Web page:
Democratic Progressive Party (DPP) Chairperson Tsai Ing-wen (蔡英文) yesterday called for a “new strategic partnership” with the US, while President Ma Ying-jeou (馬英九) touted his administration’s achievements during their individual speeches at the American Chamber of Commerce (AmCham) in Taipei.
Tsai and Ma, who are both running in the Jan. 14 presidential election, were invited to present their platforms at the organization’s annual general meeting.
Tsai highlighted the importance of Taiwan-US relations, which date back six decades, and pledged that she would re-engage the US to reverse the “imbalanced” trilateral relationship between Taiwan, the US and China that has emerged under the Ma administration.
A new strategic partnership between Taiwan and the US, which is re-engaging the Asia-Pacific region, is essential because both share common interests in and responsibility for regional security and stability, and both are committed to the principles of free trade, she said.
The partnership would be mutually beneficial in exploring new and emerging markets, particularly markets in the Asia-Pacific region, Tsai said.
She pledged to place greater effort on maintaining peace and stability in the Taiwan Strait and fostering “an atmosphere where dialogues and interaction is possible” without compromising Taiwan’s fundamental interests if elected.
However, she would not use cross-strait relations as a campaign tool and “drive a partisan wedge between different groups in Taiwan.”
Instead, partisan differences would only be evident in the two parties’ domestic policies, she said.
Tsai said she would generate a “Taiwan consensus” so that the country could sit down with China to build up substantial bilateral relations.
The Ma administration has only actively pursued trade relations with China during the past three years and has yet to show its determination and preparedness for joining the Trans-Pacific Partnership (TPP) despite its recent declaration of its intention, she said.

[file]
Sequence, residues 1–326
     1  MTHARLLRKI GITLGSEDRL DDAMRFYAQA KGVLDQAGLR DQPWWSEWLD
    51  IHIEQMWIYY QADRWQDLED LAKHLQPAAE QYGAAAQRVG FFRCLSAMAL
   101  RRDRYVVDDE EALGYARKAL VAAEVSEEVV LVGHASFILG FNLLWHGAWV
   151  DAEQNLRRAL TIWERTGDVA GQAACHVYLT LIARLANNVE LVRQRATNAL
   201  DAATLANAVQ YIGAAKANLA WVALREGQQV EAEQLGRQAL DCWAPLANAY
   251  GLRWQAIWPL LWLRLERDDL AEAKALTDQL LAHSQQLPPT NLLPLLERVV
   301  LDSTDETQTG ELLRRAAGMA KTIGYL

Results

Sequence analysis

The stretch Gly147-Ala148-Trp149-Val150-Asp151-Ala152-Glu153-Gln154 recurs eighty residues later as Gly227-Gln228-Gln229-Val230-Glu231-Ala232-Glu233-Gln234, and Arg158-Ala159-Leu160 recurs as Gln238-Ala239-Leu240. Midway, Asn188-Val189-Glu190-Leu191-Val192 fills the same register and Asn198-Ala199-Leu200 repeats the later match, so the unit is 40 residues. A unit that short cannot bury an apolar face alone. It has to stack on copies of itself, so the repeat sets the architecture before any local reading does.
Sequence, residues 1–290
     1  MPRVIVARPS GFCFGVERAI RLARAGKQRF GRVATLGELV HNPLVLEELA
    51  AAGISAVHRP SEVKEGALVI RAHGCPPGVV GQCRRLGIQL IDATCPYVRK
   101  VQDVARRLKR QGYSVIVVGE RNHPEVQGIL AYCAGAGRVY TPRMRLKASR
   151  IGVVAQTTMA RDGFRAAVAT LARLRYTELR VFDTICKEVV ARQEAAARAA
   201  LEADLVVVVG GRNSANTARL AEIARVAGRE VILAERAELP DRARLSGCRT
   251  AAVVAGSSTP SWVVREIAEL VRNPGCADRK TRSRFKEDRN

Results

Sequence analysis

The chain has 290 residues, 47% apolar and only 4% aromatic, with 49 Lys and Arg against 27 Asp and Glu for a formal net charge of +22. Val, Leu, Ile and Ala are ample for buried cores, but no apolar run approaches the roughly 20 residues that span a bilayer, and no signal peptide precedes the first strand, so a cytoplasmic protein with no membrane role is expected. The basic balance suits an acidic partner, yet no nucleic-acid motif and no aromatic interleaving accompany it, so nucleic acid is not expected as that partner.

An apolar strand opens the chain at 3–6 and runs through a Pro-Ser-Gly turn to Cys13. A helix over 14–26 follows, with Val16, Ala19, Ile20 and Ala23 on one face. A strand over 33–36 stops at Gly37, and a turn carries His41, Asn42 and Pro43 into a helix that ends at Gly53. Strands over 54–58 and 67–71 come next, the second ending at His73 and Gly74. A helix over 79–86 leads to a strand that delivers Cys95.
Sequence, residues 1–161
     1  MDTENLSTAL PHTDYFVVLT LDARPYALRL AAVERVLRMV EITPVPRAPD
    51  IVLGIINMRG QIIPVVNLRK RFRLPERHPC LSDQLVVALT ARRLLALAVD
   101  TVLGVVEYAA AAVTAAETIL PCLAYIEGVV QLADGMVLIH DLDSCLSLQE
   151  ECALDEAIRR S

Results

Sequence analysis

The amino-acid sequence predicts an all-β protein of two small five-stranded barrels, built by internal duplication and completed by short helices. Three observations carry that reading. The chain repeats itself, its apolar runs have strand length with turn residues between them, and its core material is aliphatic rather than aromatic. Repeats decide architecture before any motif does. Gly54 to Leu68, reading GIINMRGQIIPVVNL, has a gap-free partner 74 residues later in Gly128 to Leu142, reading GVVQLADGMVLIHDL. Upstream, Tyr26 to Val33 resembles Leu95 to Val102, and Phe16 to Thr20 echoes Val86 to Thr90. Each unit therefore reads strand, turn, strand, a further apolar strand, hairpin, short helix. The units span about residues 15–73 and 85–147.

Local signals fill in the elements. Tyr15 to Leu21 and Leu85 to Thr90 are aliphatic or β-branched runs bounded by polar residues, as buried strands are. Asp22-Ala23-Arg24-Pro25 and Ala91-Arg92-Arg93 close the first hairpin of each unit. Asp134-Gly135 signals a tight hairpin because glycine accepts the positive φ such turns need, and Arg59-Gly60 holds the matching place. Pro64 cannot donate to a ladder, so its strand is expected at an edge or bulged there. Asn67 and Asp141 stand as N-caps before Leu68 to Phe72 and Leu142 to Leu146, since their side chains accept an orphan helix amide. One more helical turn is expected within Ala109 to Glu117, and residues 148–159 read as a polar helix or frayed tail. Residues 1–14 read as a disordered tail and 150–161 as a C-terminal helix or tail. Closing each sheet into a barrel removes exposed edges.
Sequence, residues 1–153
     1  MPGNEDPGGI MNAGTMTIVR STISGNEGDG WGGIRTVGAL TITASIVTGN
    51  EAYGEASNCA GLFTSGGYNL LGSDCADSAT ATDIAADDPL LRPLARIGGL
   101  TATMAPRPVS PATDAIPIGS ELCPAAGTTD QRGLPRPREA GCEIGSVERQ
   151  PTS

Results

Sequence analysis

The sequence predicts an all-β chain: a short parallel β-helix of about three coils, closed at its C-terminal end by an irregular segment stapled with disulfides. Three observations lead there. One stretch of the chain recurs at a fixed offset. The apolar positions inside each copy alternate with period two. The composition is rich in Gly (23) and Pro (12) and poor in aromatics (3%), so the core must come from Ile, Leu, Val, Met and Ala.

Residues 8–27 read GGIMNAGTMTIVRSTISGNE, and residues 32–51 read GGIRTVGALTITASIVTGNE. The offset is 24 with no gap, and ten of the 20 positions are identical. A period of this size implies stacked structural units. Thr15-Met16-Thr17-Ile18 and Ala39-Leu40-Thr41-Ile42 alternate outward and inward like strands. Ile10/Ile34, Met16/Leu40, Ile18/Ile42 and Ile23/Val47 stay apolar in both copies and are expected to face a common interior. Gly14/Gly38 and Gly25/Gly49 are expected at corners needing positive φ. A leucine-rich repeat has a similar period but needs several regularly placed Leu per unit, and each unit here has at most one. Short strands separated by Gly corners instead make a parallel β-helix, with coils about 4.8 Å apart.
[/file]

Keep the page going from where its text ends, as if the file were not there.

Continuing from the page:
“The DPP’s position has been that the US should take the lead in creating an APEC-based free- trade agreement for the region, which would, of course, include Taiwan,” she said, reiterating her support for the nation’s participation in the TPP.
Her administration would prepare Taiwan for the high-level free-trade agreement “in the shortest time possible” through a structural adjustment of the economy — from a production-driven economy to one based on research and development (R&D), promoting environmental issues and the long-term care industry, and providing quality job opportunities, she said.
Tsai urged the US to enhance the function and operation of the Trade and Investment Framework Agreement and to facilitate visits by high-level US officials.
Asked during the question-and-answer session about the so-called “1992 consensus,” Tsai said: “It is only sensible that it’s difficult to recognize something that does not exist.”
For his part, Ma told AmCham members that while his administration had “changed, upgraded and transformed Taiwan,” he was seeking a second term because a lot more needed to be done.
The president used the word “unprecedented” several times during his speech to highlight his administration’s domestic and foreign achievements, including expanding visa-waiver privileges for Taiwanese to 154 countries and signing 16 agreements with China.
He said that the institutionalization of cross-strait rapprochement “is probably the most important strategy in Taiwan.”
Ma also touched on his recent controversial initiative of possibly signing a peace agreement with Beijing within 10 years, saying there was no timetable for such an agreement and that a referendum would be a prerequisite before negotiations could begin.
AmCham agreed with the platforms of both candidates, including their emphasis on stability in cross-strait relations, trade liberalization and the TPP, talent issue and a new economy driven by innovation or R&D, AmCham chairman Bill Wiseman told reporters on the sidelines of the meeting.
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